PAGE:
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Location of Denmark within Europe

Denmark is the smallest and southernmost of the Nordic countries. Unified in the 10th century, it is also the oldest. Located north of its only land neighbour, Germany, south-west of Sweden, and south of Norway, it is located in northern Europe. From a cultural point of view, Denmark belongs to the family of Scandinavian countries although it is not located on the Scandinavian Peninsula. The national capital is Copenhagen.

Denmark borders both the Baltic and the North Sea. The country consists of a large peninsula, Jutland, which borders Schleswig-Holstein, and many islands, most notably Zealand, Funen, Vendsyssel-Thy, Lolland, and Bornholm, as well as hundreds of minor islands often referred to as the Danish Archipelago. Denmark has historically controlled the approach to the Baltic Sea, and those waters are also known as the Danish straits.

Denmark has been a constitutional monarchy since 1849 and is a parliamentary democracy. It became a member of the European Economic Community (now the European Union) in 1973. The Kingdom of Denmark also encompasses two off-shore territories, Greenland and the Faroe Islands, both of which enjoy wide-ranging home rule. The Danish monarchy is the oldest existing monarchy in Europe, and the national flag is the oldest state flag in continuous use.

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King Christian IV of Denmark and Norway. Painting by Pieter Isaacsz (1611-1616).

Christian IV of Denmark and Norway (April 12, 1577–February 28, 1648) was the longest reigning Danish monarch with a reign of 60 years. His reign was characterized by wars and rivalry with Sweden as well as his unsuccessful involvement in the Thirty Years' War. Christian is also remembered for founding a number of towns and a large number of buildings, including Børsen, Rundetårn and Holy Trinity Church in Kristianstad. He features in the Danish national play, Elverhøj (The Elf's Hill) and is the central figure in the Danish royal anthem Kong Christian stod ved højen mast.

Christian was the son of Frederick II and Sophia of Mecklenburg. Christian was born at Frederiksborg Palace in 1577, and succeeded to the throne on the death of his father (April 4, 1588), attaining his majority on August 17, 1596. ...

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The old Manor House at Liselund
Liselund is an 18th-century aesthetically landscaped park, complete with several exotic buildings and monuments. Located close to Møns Klint on the north-eastern corner of the Danish island of Møn, it is deemed to be one of the finest examples in Scandinavia of Romantic English gardening. The park was created in the 1790s by French nobleman Antoine de Bosc de la Calmette for his wife Elisabeth, commonly known as Lisa. Liselund, roughly translated, means Lise's grove.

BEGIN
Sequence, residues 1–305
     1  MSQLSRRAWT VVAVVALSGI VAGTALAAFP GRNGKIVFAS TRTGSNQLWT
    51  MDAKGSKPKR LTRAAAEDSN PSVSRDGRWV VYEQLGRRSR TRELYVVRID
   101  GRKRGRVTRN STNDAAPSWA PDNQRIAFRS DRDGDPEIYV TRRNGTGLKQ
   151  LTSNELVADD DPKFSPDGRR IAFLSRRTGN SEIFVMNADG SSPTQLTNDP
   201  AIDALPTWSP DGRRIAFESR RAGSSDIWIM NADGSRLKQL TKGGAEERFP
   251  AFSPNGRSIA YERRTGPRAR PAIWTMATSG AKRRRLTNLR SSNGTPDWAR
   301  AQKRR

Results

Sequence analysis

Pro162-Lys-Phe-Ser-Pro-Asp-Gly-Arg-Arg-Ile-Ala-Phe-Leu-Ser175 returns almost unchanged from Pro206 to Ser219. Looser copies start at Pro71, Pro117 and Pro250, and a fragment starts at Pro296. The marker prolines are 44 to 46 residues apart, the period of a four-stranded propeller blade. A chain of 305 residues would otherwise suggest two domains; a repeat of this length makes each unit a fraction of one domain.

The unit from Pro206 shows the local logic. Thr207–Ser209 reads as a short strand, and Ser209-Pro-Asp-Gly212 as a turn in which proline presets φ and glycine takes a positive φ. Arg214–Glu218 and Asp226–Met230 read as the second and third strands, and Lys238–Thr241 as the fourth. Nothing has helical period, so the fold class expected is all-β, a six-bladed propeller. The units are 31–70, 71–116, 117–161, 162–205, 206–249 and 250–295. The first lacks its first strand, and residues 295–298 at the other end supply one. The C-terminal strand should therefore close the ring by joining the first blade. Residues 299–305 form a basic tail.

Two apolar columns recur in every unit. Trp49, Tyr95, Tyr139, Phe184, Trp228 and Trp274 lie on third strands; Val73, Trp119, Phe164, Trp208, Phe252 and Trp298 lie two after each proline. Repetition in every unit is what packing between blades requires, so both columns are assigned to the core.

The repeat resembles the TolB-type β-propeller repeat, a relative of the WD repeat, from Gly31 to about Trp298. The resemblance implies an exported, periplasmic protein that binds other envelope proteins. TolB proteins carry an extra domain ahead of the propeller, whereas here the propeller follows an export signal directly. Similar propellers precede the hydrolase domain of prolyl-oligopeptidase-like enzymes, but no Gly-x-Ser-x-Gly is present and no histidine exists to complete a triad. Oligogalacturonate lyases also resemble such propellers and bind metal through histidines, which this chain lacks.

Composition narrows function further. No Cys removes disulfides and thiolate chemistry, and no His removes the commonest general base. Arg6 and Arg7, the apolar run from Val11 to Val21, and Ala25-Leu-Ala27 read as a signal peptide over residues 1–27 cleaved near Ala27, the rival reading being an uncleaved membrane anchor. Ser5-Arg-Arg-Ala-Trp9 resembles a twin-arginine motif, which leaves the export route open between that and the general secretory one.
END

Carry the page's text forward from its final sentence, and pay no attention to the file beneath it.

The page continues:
Antoine de la Calmette was a Hugenot whose family had been forced to leave France for Holland. His father was a diplomat who after terms in Switzerland and Portugal, finally arrived in Denmark where, in 1776, the family was naturalised and recognised as Danish nobility.

In January 1777, he married Catharina Elisabeth Iselin, the daughter of the Swiss baron Reinhard Iselin who had also emigrated to Denmark. In 1783, Antoine was appointed prefect of Møn. The same year, he bought six hectares of land on the eastern coast of the island in the parish of Magleby.

He and his wife, who travelled widely, had become interested in Jean-Jacques Rousseau's philosophy of naturalism in the Age of Enlightenment. As a result, Antoine designed the park in the Romantic spirit of the time as a loving gift for his wife. It was intended as a retreat where the family could spend a few days or weeks at a time, often with invited guests, away from the hardships of their working lives at Marienborg on the other side of the island.

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Entrance to Christiania
Freetown Christiania, is a self-proclaimed autonomous neighbourhood and Anarchist community of about 850 residents, covering 34 hectares (85 acres) in the borough of Christianshavn in the Danish capital Copenhagen. Civic authorities in Copenhagen regard Christiania as a large commune, but the area has a unique status in that it is regulated by a special law, the Christiania Law of 1989 which transfers parts of the supervision of the area from the municipality of Copenhagen to the state. The rules forbid stealing, violence, guns, knives, bulletproof vests, hard drugs and bikers' colors.

Famous for its main drag, known as Pusher Street, where hash and skunk weed were sold openly from permanent stands until 2004, it nevertheless does have rules forbidding 'hard drugs', such as cocaine, amphetamine, ecstasy and heroin. The region negotiated an arrangement with the Danish defence ministry (which still owns the land) in 1995. Since 1994, residents have paid taxes and fees for water, electricity, trash disposal, etc. The future of the area remains in doubt, though, as Danish authorities push for its removal.


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